Health Secretary rolls up sleeves for stern PR shots

Health Secretary rolls up sleeves for stern PR shots

February 9, 2021

Hancock does a Dishi Rishi! Health Secretary rolls up sleeves for stern PR shots before making Commons statement on brutal border curbs

  • Matt Hancock pictured striking several poses in Department of Health offices ahead of Commons statement 
  • Images captured by freelance photographer Simon Dawson are similar to those of Rishi Sunak in September
  • Health Secretary today announced tough border measures including £10,000 fines and ‘quarantine hotels’ 

Matt Hancock today rolled up his sleeves to pose for a series of stern photographs ahead of announcing the latest suite of border curbs introduced to help Britain battle the Covid-19 crisis.

The Health Secretary took a leaf out of Rishi Sunak’s book as he was seen striking several poses inside the Department of Health base, including leaning on the back of his chair and folding his arms and staring intensely ahead. 

In other images, he’s pictured resting against a window with his arms crossed and appearing perplexed during a phone call – the London skyline seen in the floor-to-ceiling window beside him.

He then walks across the room rolling up his sleeves as he works to finesse his Commons statement, with the Health Secretary later seen leaving the building in a ‘Protect the NHS’ mask with a red document folder tucked under his arm.

The images, captured by freelance photographer Simon Dawson and reminiscent of those taken ahead of the Chancellor’s Winter Economy Plan in September, were released by Downing Street following the announcement of tougher border measures this afternoon.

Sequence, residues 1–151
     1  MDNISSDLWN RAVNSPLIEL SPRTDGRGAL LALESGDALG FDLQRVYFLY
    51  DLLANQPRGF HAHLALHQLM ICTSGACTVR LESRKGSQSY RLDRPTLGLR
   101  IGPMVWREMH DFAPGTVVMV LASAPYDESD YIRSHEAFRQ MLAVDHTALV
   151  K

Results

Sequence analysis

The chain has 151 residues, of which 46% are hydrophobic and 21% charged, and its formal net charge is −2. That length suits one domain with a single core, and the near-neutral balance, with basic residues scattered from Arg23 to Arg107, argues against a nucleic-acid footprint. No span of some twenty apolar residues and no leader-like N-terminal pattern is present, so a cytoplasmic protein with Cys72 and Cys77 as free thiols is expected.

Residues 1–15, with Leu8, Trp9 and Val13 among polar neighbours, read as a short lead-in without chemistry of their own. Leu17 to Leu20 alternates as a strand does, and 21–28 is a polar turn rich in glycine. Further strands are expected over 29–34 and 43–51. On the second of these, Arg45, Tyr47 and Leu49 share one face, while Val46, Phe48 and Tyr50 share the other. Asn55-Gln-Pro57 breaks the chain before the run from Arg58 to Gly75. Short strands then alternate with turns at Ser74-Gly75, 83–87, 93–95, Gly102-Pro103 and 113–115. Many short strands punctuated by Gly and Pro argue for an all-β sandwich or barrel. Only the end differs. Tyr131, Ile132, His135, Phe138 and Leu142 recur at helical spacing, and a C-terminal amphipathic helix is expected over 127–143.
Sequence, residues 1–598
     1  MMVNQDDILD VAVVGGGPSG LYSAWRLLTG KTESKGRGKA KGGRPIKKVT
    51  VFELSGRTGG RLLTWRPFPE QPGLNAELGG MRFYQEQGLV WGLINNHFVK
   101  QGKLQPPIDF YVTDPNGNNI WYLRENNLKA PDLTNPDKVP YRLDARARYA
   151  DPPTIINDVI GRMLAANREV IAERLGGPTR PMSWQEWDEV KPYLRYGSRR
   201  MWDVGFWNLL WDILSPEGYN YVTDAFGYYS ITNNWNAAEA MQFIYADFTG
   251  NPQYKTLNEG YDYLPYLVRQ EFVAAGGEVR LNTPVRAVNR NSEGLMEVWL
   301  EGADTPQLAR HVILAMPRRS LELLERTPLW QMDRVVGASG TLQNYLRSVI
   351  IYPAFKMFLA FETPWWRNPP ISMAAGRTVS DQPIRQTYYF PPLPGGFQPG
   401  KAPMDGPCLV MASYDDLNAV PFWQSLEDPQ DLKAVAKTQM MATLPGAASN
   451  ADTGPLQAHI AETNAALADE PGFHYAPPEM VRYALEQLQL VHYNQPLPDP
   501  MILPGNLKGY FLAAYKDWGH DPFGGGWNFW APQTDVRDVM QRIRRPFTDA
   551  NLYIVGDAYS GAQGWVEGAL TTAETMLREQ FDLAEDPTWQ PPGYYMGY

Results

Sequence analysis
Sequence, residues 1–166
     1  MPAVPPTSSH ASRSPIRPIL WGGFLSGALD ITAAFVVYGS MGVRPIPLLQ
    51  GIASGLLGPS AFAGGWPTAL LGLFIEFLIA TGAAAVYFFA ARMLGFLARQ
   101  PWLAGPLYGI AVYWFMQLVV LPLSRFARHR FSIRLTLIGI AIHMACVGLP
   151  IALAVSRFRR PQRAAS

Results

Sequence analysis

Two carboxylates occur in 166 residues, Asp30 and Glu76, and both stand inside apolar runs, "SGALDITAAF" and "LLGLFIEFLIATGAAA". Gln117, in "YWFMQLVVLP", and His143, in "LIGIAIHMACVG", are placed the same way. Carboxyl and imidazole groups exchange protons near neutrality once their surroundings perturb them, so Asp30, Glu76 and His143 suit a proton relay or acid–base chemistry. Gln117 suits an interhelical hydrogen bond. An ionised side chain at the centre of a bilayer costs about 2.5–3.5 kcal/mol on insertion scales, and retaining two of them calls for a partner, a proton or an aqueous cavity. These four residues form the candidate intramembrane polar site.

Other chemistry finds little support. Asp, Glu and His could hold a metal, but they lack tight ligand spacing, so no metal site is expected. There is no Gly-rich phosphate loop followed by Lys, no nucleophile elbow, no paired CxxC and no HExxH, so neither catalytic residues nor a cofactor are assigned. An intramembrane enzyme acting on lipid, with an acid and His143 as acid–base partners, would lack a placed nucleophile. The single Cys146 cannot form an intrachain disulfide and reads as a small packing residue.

The Health Secretary today said he made ‘no apologies’ for the harsh measures, warning that protecting the UK from variant Covid strains that can potentially evade vaccines is ‘mission critical’ – and hinting they might need to be in place until the Autumn.   


The Health Secretary (pictured) was seen striking several poses today, from leaning on the back of his chair to folding his arms and staring intensely into a screen

The images, captured by freelance photographer Simon Dawson and reminiscent of those taken ahead of the Chancellor’s Winter Economy Plan in September, were released by Downing Street following the announcement of tougher border measures this afternoon

The action has been taken to prevent the influx of foreign strains of Covid-19, like those that have emerged in South Africa and Brazil. 

As of Monday, travellers from 33 high-risk ‘red list’ countries will be forced to spend 10 days in ‘quarantine hotels’, and all arrivals must test negative three times through gold-standard PCR coronavirus tests before being allowed to freely move around the UK. 

Anyone who lies about whether they have been to places on the banned list recently will face up to 10 years in prison, he told MPs.     

Mr Hancock also declared that 4,600 rooms have now been secured by the government from 16 hotels so the ‘quarantine hotel’ system can get up and running as planned on Monday, although the Department of Health refused to name them. 

All incomers from ‘red list’ countries must stay in the rooms for 10 days, costing £1,750 each including food and drink and their testing bill.